It didn’t take numerous conversations with fellow practitioners for me to realise that existing advice for people who want to get into our field totally sucks.

Here is my humble attempt to remedy this. Practical, though not easy, steps that can guide you budding social media planners and digital strategists out there into #epicwins.

1. Build

If you haven’t got a portfolio of paid work for clients, build yo’ own shit. Learn how to code up websites. Start taking Photoshop seriously and design some cool posters for Tumblr. Come up with concepts for cool Facebook Games, and then publish the plans here on Medium.

Someone who does this very well is my ex-colleague and friend Rhys Hillman. Sure, Rhys is already talented Digital Strategist at an ad agency in Melbourne who does great client work. However, he is also very creative and driven with his own initiatives.

He created a hilarious website called Please Help Me Ja Rule, where people can choose their mood and be rewarded with an appropriate Ja Rule track. Not only is the site funny: future bosses and recruiters notice when someone’s fun side project gets shared more than 500 times in Facebook and involves art + copy + code.

It isn’t rocket science to realise the people who hire digital strategists need evidence to prove you rock. If you haven’t got any work experience, build digital experiences about things you love. I promise it will help you get you strategy jobs.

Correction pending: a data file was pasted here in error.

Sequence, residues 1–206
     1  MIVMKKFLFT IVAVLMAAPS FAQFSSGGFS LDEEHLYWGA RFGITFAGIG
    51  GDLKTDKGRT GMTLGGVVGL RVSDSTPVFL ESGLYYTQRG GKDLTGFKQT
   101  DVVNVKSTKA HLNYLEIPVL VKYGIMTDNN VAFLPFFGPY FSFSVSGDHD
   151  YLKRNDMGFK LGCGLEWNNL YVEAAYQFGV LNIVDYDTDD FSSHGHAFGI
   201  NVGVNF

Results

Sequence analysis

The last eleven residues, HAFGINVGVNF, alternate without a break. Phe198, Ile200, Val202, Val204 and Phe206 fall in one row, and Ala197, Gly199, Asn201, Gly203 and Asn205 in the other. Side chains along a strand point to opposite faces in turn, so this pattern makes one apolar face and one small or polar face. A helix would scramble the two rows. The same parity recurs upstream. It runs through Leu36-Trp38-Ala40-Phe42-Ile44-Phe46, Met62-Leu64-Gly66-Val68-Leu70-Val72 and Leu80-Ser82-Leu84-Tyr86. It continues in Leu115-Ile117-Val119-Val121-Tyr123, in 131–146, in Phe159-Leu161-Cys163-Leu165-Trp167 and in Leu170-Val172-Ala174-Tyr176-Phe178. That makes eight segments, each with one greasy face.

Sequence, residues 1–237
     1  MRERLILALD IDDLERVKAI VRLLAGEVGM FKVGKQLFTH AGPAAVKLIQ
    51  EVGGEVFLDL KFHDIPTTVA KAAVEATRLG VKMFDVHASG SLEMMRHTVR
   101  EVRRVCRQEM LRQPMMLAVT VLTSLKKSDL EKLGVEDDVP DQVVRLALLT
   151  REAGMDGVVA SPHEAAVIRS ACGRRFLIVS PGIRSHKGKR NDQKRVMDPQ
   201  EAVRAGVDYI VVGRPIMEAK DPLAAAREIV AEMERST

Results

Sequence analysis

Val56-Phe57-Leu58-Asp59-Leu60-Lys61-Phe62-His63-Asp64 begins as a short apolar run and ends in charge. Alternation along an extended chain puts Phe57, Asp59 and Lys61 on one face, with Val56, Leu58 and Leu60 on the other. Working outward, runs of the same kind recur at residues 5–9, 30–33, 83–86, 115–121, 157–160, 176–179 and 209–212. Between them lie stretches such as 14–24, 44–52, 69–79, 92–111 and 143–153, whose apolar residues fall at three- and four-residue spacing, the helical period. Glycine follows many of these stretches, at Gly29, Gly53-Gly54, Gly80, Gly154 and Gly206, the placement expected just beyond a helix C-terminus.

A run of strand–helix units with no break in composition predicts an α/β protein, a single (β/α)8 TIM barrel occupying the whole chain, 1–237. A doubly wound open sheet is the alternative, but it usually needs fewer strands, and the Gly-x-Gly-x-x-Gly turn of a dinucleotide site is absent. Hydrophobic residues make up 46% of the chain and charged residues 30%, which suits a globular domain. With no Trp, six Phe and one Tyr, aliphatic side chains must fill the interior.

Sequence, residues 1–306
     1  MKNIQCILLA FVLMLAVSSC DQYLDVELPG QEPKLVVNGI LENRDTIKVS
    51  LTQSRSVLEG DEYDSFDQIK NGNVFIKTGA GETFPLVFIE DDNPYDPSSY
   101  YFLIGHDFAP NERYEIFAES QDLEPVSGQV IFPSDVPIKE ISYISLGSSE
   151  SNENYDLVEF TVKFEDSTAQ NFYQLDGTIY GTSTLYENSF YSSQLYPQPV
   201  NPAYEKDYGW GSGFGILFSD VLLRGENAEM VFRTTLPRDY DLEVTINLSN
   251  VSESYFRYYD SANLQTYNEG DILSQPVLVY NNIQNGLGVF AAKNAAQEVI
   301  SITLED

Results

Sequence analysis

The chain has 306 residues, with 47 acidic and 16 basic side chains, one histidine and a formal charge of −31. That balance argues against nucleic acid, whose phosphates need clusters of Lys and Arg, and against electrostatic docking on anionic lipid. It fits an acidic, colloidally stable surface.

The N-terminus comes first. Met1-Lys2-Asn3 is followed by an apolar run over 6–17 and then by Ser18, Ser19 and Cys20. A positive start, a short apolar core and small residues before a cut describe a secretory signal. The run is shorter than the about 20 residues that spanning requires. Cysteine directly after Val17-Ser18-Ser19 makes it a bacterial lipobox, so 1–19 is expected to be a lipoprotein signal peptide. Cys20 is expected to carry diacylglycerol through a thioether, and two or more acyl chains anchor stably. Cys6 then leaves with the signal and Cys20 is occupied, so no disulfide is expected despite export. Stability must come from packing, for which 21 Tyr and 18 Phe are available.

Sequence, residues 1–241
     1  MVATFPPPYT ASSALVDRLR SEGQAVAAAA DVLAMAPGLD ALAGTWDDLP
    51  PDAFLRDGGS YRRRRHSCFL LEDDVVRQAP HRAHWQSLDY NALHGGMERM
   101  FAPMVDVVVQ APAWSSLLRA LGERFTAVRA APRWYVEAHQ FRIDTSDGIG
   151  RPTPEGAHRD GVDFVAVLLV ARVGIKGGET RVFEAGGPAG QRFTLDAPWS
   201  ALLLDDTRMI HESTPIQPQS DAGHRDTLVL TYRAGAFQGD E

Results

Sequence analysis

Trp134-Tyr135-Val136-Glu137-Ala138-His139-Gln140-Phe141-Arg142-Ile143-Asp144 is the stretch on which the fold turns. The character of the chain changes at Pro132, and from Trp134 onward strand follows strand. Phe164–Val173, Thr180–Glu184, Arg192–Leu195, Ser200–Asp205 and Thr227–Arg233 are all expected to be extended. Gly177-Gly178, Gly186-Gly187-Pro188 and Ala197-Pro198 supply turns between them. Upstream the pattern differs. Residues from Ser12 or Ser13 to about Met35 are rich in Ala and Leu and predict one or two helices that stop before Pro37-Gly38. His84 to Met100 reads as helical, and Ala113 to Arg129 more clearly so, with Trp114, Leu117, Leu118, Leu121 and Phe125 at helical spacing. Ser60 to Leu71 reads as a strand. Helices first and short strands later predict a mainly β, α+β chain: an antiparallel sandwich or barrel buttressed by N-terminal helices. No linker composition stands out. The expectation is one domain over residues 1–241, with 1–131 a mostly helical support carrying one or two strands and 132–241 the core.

2. Read, then Engage

Read as much as you can online about digital strategy, then digest it and talk about it. Find authors and thinkers you like, follow them on Twitter/Facebook. Ask them questions & engage with their own tweets.

You’d be surprised how well-known people or experts often reply to their fans. Digital marketing genius Brian Solis engages heaps with people who engage with him.

If you don’t know where to start with who to follow, do a bit of searching for fellow strategists who you like. You could start here.

Don’t stress if you find your hero is a douchebag, either. You can unfollow them with a single click!

3. Get your LinkedIn sorted

Fill out your details. Don’t worry if you didn’t go to an Ivy League university: people will appreciate honesty. In the same measure, don’t boast if you are already a high achiever: LinkedIn rewards modesty.

Better still, put the stuff you build in 1. into your showcase of work. Add people who influence you with a kind introductory description explaining you’re not a stalker.

4. Go beyond Digital

No, I don’t just mean watch lots of indie movies and use analogue cameras. A good strategist knows strategy in all its forms: from warfare to economics.

A good place to start is Sun Tzu’s Art of War, which you can read here. It might be a cliche, but the rules of strategy you learn in it are valuable and will stop you from becoming arrogant when you start getting cocky.